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Our review of Lambco's 'Love is Blue'; soon to be playing at the Edinburgh Festival

Guest post by Jeremy Simmonds


While they may lead us into such predicament, how much might our individual situations and environments influence the way we respond to grief or emotional setback? Well, perhaps more than we might realise. In Love is Blue, Don Cotter examines such a question in compelling and occasionally heart-breaking detail.

Man sitting on settee, second man standing at sideboard about to pour a drink
Cast of Love is Blue; Andrew Ewart (‘Aaron’) Sam Walter (‘Olly’)

Upon a sparse set boasting little more than the most basic of furnishings and what will become a significant mannequin, space is created for the two contrasting protagonists – the hard-drinking, cocksure financier Olly; and the fresh-faced new-to-street-life Aaron – to breathe one another’s air and explore this hypothesis as they share with one another their individual tales of loss. If the characters themselves might initially appear stereotypical, over the course of an hour Cotter extracts from such conflicting personalities some unexpected depths and more than a few parallels.


The duo’s initial conversation having been prompted by Aaron’s desperate situation and Olly’s subsequent open-handedness, the onlooker might be fooled into expecting Love is Blue to descend rapidly into a tale of ill-advised seduction. However, while the script gently dallies with this possibility, the fractured yet compelling interchange meanders between curiosity, regret and suspicion on its journey to expose some all-too-recognisable human frailties. Olly, it transpires, is dealing with the death of his partner; meanwhile his foil – despite being far from home – still struggles to escape the shackles of a deeply-religious upbringing and his adoptive family’s brutal dismissal of his sexuality.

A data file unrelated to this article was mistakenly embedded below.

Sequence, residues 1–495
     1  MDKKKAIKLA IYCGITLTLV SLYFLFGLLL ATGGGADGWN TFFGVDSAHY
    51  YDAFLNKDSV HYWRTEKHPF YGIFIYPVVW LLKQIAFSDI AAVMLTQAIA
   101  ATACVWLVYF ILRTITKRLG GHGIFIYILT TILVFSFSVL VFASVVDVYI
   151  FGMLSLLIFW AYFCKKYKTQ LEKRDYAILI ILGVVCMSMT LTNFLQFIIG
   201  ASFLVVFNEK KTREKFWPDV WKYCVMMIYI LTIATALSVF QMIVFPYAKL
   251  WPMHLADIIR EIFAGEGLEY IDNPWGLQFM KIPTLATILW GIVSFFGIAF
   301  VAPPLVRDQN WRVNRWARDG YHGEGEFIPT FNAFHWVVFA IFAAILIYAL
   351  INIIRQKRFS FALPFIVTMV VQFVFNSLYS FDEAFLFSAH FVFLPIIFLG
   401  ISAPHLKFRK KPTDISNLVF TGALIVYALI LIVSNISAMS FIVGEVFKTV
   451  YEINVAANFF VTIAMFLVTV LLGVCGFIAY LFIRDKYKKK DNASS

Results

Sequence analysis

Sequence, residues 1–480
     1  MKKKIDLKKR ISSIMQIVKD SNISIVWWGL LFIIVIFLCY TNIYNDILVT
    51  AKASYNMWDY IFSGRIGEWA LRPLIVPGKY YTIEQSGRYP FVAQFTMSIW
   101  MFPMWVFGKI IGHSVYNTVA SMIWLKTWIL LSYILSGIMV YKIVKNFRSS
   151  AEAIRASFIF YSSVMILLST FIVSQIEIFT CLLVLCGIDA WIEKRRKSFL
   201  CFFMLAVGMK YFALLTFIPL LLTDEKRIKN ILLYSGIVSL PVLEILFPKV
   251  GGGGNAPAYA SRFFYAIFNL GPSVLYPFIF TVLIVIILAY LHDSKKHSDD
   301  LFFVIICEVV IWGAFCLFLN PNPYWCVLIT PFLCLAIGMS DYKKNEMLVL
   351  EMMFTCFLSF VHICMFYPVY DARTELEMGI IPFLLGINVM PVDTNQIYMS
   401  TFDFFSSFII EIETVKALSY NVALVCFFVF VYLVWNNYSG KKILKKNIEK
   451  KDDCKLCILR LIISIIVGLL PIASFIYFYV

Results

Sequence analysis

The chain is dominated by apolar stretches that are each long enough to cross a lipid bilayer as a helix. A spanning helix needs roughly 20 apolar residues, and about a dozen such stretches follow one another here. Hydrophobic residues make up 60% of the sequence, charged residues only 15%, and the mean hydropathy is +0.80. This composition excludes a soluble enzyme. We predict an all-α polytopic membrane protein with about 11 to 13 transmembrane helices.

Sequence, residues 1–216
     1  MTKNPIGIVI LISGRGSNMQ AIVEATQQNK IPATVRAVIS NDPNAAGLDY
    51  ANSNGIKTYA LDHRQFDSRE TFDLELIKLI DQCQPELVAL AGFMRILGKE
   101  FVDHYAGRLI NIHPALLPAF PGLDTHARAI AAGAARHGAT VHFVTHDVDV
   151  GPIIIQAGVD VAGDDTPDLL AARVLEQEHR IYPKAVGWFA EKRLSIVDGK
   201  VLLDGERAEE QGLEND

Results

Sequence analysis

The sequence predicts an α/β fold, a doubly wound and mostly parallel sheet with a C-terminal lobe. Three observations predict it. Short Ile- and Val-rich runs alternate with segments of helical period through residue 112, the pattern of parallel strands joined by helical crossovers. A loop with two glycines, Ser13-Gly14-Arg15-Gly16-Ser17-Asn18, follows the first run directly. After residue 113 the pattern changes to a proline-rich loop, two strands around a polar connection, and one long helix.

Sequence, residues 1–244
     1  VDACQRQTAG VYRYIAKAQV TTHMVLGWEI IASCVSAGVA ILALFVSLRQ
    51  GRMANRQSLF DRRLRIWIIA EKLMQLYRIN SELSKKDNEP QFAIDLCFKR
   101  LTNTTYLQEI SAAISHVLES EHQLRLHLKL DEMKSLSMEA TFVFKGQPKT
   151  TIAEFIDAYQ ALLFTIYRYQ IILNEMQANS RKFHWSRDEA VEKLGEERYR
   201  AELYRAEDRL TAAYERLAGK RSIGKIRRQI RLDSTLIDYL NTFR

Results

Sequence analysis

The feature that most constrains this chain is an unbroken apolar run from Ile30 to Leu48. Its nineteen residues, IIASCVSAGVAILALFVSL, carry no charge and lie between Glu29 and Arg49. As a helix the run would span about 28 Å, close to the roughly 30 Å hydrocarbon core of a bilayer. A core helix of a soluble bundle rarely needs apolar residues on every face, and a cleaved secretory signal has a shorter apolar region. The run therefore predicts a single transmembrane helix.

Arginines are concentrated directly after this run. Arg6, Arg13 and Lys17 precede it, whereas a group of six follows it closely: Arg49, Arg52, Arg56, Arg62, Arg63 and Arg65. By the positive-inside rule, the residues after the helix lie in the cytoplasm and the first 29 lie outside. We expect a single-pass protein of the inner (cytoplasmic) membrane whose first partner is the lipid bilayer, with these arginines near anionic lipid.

Throughout the performance, Sam Walter understandably dominates the stage, his bravado-fuelled narration frequently breaking the fourth wall, yet revealing Olly as a character apparently better than what one imagines to be the crass limitations of his world. Or so it seems. His generosity in offering the equally-credible Andrew Ewart shelter, a hot shower, and clean clothes prompts cynicism, temptation and a fear from the stunned Aaron: fear, mainly of being lined up as potential replacement in Olly’s life. Yet, as this suggestion is vehemently denied by the city worker, his own bereft and lovelorn state becomes increasingly exposed. Overseeing all events is the mannequin – simultaneously a totem of Olly’s tragic love, as well as an intrusive interloper for the wary and watchful Aaron. All told, this intriguing piece goes on to provoke flirtation, rejection and no small misdemeanour between its characters.


What transpires may beguile and intrigue, and perhaps leave more than a few questions left unanswered. However, as the characters weave their own stories around that mannequin, those watching might be moved to interpret Love is Blue in ways unintended by its creator. And one or two might even assimilate a sequence of truths that extend way beyond the action onstage.


Recommended.


Written by Don Cotter

Directed by Prav MJ

Cast: Andrew Ewart (‘Aaron’)

Sam Walter (‘Olly’)

Produced by LAMBCO Productions


Edinburgh Fringe

All productions from Lambco at C Cubed 2nd to 27th August

34 York Place


LOVE IS BLUE ED FRINGE performed at 20:30 daily (45 mins) at C Cubed

posters for 4 stage productions on at Edinburgh Fringe Festival 2023
All 4 of Lambco's Edinburgh Fringe productions 2023

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